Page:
The Context for Community Composting

Recycling collection tricycle at York Rotters The UK currently produces over 28 million tonnes of municipal waste every year, and over half of this ends up in landfill. Over 60% of this waste stream is biodegradable.

Biodegradable waste is mostly food waste, garden waste and paper, and this decays anaerobically (without oxygen) in landfill sites to produce methane, a potent greenhouse gas. Once in the atmosphere, methane absorbs terrestrial infrared radiation that would otherwise escape to space. Methane is about 21 times more powerful at warming the atmosphere than carbon dioxide (CO2) by weight.

Food waste collection on a London housing estate Alongside uncontrolled greenhouse gas production, there are other issues associated with landfill, including leaching (the leaking of potentially toxic liquids into soil and groundwater), litter, pests, and the waste of valuable, recyclable goods. In the USA and Japan organisations are now beginning to mine old landfill sites for precious resources!

In the EU, the Landfill Directive sets specific targets for the reduction of biodegradable waste going to landfill. These targets are 75% of the 1995 level by 2010, 50% of the 1995 level by 2013, and 35% of the 1995 level by 2020. In practice this means that by 2020, the UK needs to divert 40% of household waste from landfill to meet the legal requirements of the Landfill Directive, as long as all of this is biodegradable waste.

Alongside these specific targets, the 'Animal By-Products Regulation' bans commercial food waste from going to landfill from the end of 2005.

At the UK level, the 2007 Waste Strategy is a framework for England for improving the management of waste in response to the EU Landfill Directive. (The devolved assemblies of Scotland, Wales and Northern Ireland have also developed strategies). To reduce landfill the Waste Strategy sets out the following recommendations for action:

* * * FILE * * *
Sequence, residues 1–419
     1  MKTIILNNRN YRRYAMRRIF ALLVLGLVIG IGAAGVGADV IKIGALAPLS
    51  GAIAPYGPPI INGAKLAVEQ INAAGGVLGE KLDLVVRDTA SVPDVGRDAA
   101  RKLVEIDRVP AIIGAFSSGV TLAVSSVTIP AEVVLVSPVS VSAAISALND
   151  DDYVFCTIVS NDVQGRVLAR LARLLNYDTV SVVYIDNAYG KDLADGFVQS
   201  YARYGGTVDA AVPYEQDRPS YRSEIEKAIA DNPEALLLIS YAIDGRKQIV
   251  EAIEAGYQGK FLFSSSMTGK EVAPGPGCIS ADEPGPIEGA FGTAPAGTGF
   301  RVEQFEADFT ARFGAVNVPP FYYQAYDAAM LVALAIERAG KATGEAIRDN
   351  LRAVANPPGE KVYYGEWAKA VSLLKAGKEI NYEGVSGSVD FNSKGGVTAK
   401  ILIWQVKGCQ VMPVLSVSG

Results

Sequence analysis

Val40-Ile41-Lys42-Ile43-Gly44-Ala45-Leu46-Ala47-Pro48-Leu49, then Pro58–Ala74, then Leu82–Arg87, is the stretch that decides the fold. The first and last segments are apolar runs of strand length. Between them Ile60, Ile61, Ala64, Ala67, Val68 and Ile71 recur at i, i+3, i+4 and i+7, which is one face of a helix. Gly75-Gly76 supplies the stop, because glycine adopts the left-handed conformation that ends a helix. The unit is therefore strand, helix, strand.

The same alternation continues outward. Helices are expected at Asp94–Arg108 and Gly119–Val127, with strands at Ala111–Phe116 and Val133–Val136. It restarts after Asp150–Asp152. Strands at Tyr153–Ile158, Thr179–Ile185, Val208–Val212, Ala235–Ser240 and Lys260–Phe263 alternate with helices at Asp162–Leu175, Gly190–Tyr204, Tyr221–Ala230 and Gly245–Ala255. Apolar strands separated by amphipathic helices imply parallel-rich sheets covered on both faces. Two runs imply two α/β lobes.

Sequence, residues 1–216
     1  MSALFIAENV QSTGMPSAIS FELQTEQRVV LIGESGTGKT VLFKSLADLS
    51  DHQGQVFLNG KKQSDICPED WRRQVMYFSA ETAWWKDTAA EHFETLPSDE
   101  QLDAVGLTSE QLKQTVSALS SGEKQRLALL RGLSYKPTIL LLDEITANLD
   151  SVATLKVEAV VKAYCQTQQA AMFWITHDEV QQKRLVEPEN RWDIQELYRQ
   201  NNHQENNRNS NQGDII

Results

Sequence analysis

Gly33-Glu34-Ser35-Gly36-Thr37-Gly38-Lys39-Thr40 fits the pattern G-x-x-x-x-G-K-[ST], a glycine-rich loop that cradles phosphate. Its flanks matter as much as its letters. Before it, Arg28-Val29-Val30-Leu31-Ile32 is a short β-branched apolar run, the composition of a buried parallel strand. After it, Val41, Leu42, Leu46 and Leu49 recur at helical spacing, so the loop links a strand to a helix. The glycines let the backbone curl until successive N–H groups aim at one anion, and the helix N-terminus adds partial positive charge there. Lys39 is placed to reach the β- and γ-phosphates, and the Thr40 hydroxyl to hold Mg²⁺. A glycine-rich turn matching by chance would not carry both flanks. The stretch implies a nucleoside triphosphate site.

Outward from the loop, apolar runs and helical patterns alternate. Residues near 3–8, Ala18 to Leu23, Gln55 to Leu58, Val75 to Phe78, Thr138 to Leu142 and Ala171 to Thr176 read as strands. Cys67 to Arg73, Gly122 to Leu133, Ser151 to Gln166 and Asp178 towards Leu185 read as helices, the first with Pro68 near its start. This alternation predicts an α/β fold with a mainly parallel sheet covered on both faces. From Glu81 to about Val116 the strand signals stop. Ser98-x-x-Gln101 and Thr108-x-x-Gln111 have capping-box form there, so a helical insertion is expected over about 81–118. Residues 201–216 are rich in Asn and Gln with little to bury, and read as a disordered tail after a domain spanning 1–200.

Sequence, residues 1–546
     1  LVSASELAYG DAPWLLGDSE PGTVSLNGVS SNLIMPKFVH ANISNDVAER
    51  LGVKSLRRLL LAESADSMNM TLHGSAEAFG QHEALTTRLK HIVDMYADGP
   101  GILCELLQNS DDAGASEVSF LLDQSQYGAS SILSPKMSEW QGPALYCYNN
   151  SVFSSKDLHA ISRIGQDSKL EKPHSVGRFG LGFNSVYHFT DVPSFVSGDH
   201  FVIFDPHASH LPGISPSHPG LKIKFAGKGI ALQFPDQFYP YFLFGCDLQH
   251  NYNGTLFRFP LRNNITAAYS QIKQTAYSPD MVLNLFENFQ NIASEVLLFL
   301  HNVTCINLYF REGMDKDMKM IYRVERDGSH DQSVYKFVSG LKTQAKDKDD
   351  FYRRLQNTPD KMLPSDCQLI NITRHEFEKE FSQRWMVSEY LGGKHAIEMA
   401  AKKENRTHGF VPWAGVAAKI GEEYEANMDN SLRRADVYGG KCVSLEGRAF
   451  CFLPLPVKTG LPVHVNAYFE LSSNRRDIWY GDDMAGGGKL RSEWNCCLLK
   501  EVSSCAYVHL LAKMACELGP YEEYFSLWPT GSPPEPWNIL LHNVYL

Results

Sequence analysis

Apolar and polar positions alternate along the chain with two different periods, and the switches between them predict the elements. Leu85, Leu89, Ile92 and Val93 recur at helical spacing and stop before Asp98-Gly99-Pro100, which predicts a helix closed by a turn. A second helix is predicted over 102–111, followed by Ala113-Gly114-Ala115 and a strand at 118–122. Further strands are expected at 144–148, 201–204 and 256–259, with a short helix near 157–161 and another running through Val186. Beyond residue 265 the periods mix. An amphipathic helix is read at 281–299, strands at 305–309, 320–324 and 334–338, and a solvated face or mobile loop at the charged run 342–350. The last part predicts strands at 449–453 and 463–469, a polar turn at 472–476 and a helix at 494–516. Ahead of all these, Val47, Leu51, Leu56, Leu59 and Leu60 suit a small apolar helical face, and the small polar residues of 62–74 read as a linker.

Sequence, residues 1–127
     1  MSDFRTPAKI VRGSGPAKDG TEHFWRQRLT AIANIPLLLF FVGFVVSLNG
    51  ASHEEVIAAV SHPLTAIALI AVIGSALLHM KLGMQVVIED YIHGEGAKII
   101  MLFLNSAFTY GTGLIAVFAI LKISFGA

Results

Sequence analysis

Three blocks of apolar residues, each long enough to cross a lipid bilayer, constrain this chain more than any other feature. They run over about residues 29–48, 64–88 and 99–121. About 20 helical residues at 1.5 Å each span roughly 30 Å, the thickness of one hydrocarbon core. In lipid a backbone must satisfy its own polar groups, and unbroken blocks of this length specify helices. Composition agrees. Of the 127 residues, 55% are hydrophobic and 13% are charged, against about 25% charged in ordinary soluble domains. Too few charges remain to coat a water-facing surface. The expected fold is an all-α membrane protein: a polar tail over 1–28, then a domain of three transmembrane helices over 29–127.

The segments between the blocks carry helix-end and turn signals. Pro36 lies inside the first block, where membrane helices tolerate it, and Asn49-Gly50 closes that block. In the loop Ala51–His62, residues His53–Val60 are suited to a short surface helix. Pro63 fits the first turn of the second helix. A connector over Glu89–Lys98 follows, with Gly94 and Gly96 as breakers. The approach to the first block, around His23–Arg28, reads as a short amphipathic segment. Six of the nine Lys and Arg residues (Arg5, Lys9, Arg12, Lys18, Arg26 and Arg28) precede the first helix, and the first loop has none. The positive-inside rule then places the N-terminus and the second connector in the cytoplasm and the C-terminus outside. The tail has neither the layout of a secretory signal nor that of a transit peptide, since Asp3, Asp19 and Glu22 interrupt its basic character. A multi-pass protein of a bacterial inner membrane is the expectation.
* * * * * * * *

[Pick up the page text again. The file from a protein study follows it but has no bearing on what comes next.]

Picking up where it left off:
• Greater efforts to reduce waste;

  • Substantial increase in re-use, recycling and composting;

  • Where waste cannot be recycled, recovery of energy from waste, through incineration.

Sign at Community Compost project The 2007 Waste Strategy sets some specific targets, for example:

  • Recycle or compost 40% of household waste by 2010, 45% by 2015 and 50% by 2020

  • Reduce the amount of household waste not re-used, recycled or composted from 22.2 million tonnes in 2000 to 15.8 million tonnes in 2010, with an aspiration of 12.2 million tonnes in 2020

  • Achieve net annual reduction in global greenhouse gas emissions from waste management by 9.3 million tonnes of CO2 compared to 2006 (equivalent to taking about 3 million cars off the road)

You can find summaries and links to all the UK waste strategies at:

It is clear that in this climate of reducing landfill, Community Composting has an important role to play. This role is not only actually contributing to diverting organic waste from landfill, but perhaps more importantly, by engaging people at grass roots level in taking action to reduce waste.

This vital role of Community Compost organisations in promoting behaviour change and fostering community cohesion is sometimes overlooked by bald statements about tonnages or numbers of volunteers engaged in schemes.